There’s been a lot of attention lately on tests. State and district leaders say they want to cut out the ones that are redundant and unhelpful. And former President Bill Clinton (and both teachers unions) had advocated for testing only in certain grade spans, not every year.
Now Linda Darling-Hammond, a Stanford professor often identified with the progressive wing of the Democratic party, and others, including Gene Wilhoit, the former executive director of the Council of Chief State School Officers, have come out with a proposal that envisions a new approach to accountability and testing. Less frequent state summative assessments are only one part of the picture.
The policy brief, released Thursday, is co-authored by Darling-Hammond, Wilhoit, and Linda Pittenger, the chief operating officer for the Center for Innovation in Education at the University of Kentucky. The proposal is informed by a journal article, also written by the trio, that came out in August, and considers what a new accountability system might look like in a hypothetical “51st state.”
Here are some key features of their proposal:
- State summative assessments wouldn’t have to be annual. Instead, tests could be given in certain grades. That’s an idea that’s been embraced by both the National Education Association and the American Federation of Teachers, as well as former President Bill Clinton and a smattering of lawmakers on Capitol Hill.
- Assessments should move beyond the fill-in-the-bubble, criterion-referenced tests to include more open-ended items and performance tasks, such as research inquiries, scientific investigation, and literary analyses. That’s something New Hampshire is doing through its competency-based system, which envisions local tests as a supplement to the Smarter Balanced consortium’s assessments. The Granite state is in talks with the U.S. Department of Education about revising its waiver from the No Child Left Behind Act to accommodate a pilot program in which a handful of districts would take summative state assessments only in certain grade-spans, and would use local tests in other years.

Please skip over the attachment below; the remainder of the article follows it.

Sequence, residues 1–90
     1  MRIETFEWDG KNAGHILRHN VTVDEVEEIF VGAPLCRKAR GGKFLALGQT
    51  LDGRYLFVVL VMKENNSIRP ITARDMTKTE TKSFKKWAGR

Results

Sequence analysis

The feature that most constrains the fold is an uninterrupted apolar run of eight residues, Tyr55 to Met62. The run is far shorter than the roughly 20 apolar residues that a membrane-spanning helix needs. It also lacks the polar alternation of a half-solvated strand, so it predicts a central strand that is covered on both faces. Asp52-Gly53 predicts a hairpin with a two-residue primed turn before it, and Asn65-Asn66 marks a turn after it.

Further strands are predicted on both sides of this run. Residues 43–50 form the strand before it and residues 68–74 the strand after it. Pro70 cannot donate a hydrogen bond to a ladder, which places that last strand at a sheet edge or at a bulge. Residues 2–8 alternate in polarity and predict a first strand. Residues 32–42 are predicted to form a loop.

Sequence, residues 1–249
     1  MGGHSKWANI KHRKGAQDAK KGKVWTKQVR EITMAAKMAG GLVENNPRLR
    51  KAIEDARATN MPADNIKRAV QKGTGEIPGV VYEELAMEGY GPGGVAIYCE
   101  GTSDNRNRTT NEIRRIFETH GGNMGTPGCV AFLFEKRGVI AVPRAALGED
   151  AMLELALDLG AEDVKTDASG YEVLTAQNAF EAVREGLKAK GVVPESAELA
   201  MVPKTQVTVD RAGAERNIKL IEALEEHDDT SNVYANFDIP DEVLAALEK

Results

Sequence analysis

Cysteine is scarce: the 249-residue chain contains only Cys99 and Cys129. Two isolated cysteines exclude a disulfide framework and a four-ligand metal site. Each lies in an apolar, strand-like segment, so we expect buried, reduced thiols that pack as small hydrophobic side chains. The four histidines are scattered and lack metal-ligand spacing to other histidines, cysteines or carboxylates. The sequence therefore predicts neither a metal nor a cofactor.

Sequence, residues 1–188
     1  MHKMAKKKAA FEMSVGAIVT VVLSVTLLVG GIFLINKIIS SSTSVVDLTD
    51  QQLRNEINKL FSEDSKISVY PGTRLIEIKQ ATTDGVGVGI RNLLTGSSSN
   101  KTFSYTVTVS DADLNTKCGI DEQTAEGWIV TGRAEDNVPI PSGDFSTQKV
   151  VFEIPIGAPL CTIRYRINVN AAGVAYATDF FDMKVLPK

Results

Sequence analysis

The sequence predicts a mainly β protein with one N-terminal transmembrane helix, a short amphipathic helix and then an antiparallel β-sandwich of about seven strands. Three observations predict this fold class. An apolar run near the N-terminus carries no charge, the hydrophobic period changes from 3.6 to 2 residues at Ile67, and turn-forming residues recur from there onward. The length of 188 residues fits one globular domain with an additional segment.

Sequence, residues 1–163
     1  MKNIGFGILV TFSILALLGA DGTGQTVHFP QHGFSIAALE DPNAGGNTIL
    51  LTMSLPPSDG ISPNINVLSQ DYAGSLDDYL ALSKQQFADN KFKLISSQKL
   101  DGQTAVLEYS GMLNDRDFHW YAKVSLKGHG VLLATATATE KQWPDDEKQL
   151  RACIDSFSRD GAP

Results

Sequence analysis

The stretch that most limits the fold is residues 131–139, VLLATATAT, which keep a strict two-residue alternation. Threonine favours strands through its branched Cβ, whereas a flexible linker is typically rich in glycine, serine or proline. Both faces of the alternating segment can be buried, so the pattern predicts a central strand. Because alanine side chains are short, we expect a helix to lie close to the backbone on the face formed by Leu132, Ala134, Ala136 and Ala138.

- States and districts should consider factors other than just test scores in their accountability systems. That’s something that the seven CORE districts in California, which have received the only district-level NCLB waiver, are trying out. Their system considers factors like social and emotional learning and school climate.
- School improvement efforts should consider something along the lines of an approach sometimes used in England, in which a group of seasoned, proven educators essentially do a deep diagnosis of a school and its root issues. Several states are already experimenting with something like this, including New York, Rhode Island, and Kentucky. (I wrote about the Bluegrass state’s use of veteran educators in turning around low-performing schools here.)
Anne Hyslop, a senior policy analyst at Bellwether Education Partners, noted that there are a few things missing from this framework. First off, it seems there’s no clear role for the feds in this mythical 51st state.
And second, some of the models the report embraces haven’t worked so well on the ground, particularly California’s CORE waiver, which is currently onhigh-risk status with the Education Department.
“The California district waiver is held up as a model accountability system for the future—without any recognition of the numerous delays, implementation and capacity challenges, and lack of data on the effectiveness of their approach,” Hyslop wrote in an email. “In reality, most of what the CORE districts proposed to do hasn’t happened. Their accountability system to date has functioned much like NCLB. And worse, the CORE districts’ are at-risk of losing their waiver! Yet this isn’t even acknowledged.”
Some background on the reports’ authors: Darling-Hammond served as an education advisor to President Barack Obama’s 2008 presidential campaign, but left before the administration’s education agenda really got off the ground. And Wilhoit was the executive director of the CCSSO when the common-core standards initiative was just getting started. He had previously been the education commissioner in Kentucky.